In limited situations, the bank may require nothing more than a Transaction Screen Process. Transaction Screen’s are becoming more and more rare but may still be accepted by some banks if, for example, the loan amount is small and the property is at low risk for environmental contamination, such as native land in an area the bank believes has not been previously developed. A Transaction Screen consists of limited historical research and government record review, a site inspection and a Transaction Screen questionnaire that is completed by the property owner and occupant. It is often conducted by an environmental professional but, unlike a Phase I environmental survey, can be conducted by anyone, including the bank, a property owner or a broker. A Transaction Screen Process offers no protection against CERCLA liability.

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In most situations, the bank will require that a Phase I environmental survey be conducted by an environmental professional. During a Phase I, no soil, groundwater or building materials sampling or analysis is done. Completion of a Phase I involves four-steps. First, the examiner will conduct interviews of the current owner and tenant, and adjacent property occupants, to determine how the subject property was used and what contaminants may have been present on or near the property. Second, the investigator will do an on-site inspection to look for evidence of potential contamination, such as industrial products or chemicals on the property, patched drains and noxious odors. The third step in a Phase I survey involves historical research. During this stage, there are several sources the examiner will consult, including: Sanborn fire-insurance maps, produced from 1866 to 1963 to identify fire insurance risk factors in buildings in certain urban areas of U.S. cities;historical aerial photography to determine prior uses of the site and nearby property; local building and fire departments to determine what historical building and underground storage tank permits have been issued; and, hydrological, topographical and geological data to evaluate the risk of migration of contaminants from nearby areas through the soil. And finally, he will consult a reverse telephone directory to identify prior tenants of the property and thereby glean their potential uses. The final stage of a Phase I is to consult state and federal environmental databases to determine if, for example, the subject property is in the vicinity of an identified brownfield site, has been the subject of corrective action directed pursuant to the Resource Conservation and Recovery Act due to hazardous waste being generated on the site, is a state or federal Superfund site, is listed on a state or national database as the site of a toxic or chemical spill or accident, or has underground storage tanks that were previously reported as leaking. In the Phase I report, the examiner will give findings and recommend whether a Phase II environmental survey should be conducted.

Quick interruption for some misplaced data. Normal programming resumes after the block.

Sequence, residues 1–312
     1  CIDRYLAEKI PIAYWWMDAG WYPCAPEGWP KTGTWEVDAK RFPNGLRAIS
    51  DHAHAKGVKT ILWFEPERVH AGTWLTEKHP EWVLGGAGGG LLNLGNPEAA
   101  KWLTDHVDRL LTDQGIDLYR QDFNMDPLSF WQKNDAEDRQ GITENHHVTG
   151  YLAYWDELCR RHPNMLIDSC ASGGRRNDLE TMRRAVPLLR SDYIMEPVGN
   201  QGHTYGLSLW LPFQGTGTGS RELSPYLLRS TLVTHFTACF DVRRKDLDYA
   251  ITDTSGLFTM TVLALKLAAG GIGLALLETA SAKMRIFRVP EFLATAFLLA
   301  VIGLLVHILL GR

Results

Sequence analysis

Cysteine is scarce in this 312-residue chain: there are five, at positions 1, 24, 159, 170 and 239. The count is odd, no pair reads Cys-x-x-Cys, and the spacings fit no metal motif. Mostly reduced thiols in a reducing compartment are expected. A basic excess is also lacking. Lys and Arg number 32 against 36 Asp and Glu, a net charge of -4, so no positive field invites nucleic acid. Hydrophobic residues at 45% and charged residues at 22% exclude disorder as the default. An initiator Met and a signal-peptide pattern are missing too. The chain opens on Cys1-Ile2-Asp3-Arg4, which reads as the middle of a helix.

The purpose of a Phase II survey is to determine if contamination does in fact exist. During this inspection, the examiner will obtain representative soil samples to screen for chemical or metal contamination. In addition, there may be vapor gas sampling, surface or ground water testing, and mold, asbestos, lead based paint or radon testing.

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Once it is determined that contamination exists and needs to be remediated, a Phase III will be conducted to define the vertical and lateral extent of suspected contamination and to develop and implement a remediation plan. This may include, for example, excavation of a portion of the land or cleaning of a drywell.
drumsIf there is extensive contamination, a Phase IV survey is conducted to develop a long term remediation plan. An example of contamination that would require a Phase IV survey is groundwater contamination resulting from an industrial spill or illegal dumping of contaminants. A Phase IV remediation plan may take years to implement and cleanup generally occurs until verification samples show contamination within governmentally acceptable standards.
If you would like to discuss environmental risks of your property or a property you are considering purchasing, please contact Gail Brown, JD.
Many thanks to Jay Turk, President of RAL Consulting, Inc., and Dave Madsen, President of Preferred Environmental, for the invaluable information used in the article. To view RAL Consulting’s website, click here.

Article By Gail Brown, JD, Associate Vice President, GPE Commercial Advisors